After a busy morning of poking our noses into various London venues, Victoria and I decided to take a much needed pause for lunch at Boulestin in St. James’s Street. Boulestin offers an intimate and elegant setting in which to enjoy modern French cuisine. The food is fabulous and the location even better – the site was once occupied by Overton’s Restaurant and Oyster Bar and its’ outdoor dining tables are in Pickering Place. Yes, that Pickering Place.

Once our food had been delivered and the wine poured I looked at Victoria and said, “We’re eating in Pickering Place.”

“I know.”

“How cool is this?” I asked.


“Pickering Place.”

“Yup. Duels, even.”

“Have you heard the story about how the Duke of Wellington came back from Paris incognito in 1816 and thrashed the Hell out of Brummell for being such an idiot and getting himself into debt and insulting Prinny? It happened right here. The Duke was punching the crap out of Brummell when an old woman opened a window on the second floor, right there, and yelled `Begone, ye hooligans!’`And Brummell yelled back, `It’s not a hooligan, it’s the Duke of Wellington!’ And the old woman replied, `And I’m Queen Caroline. Now get away with ye before I call out the Watch.’

“Nope,’ Victoria said, “never heard that. Probably because you just made it up. I like it though.”

“Yeah, not bad. Do you want to go next door to Lock’s and look at the Duke’s hat when we’re done?”

“Sure. Do you want any of this brie?”

And so we made our way two doors down to Lock’s Hatters, where Wellington’s bicorn and Nelson’s hat, complete with eye patch, are both on display, as are hat forms, order books, letters from famous customers and all other manner of interesting memorabilia.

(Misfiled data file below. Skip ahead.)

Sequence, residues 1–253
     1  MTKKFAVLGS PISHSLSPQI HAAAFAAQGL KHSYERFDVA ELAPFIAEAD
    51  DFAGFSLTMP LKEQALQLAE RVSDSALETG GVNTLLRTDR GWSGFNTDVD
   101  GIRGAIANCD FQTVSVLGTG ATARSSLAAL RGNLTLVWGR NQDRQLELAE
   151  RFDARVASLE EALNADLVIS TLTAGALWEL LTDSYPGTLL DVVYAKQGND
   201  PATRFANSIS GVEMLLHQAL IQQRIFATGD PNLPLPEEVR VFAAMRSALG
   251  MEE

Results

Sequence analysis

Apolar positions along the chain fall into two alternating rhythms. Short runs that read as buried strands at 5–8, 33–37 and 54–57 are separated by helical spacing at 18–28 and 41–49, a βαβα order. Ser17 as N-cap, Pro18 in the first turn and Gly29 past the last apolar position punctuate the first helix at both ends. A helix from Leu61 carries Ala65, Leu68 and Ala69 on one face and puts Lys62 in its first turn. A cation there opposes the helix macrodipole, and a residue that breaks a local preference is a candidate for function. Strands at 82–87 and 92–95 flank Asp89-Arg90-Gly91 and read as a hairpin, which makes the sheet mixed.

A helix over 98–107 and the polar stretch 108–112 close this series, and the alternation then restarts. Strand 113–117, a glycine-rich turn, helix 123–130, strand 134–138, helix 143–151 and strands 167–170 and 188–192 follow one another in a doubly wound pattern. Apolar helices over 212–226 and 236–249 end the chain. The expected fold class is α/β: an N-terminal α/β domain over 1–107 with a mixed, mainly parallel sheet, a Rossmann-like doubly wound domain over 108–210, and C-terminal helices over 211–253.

Above, the Duke of Wellington’s hat. 

Lock’s is the oldest hat shop in the world – founded in 1676 – and has been at it’s current St. James’s Street location since 1765. Anyone and everyone of note had hats made at Lock’s, especially those gentlemen in the military, who hunted or who appeared at Court. Lock’s records are a veritible who’s who of English society from the Georgian period through to the present day. And whilst Lock’s is most associated with gentlemen’s hats, they also supply millinery services for ladies, as you can see in this video.

Having just visited Lock’s Hatters earlier this month and meeting with current staff, I’m pleased to be able to announce that a visit to the shop will be a feature of several of Number One London’s upcoming tours for 2017.

In fact, most of St. James’s Street will feature on our tours, where we’ll step back in time in order to Research the Regency. In the meantime, stay tuned here for more of Kristine and Victoria’s Open House visits.


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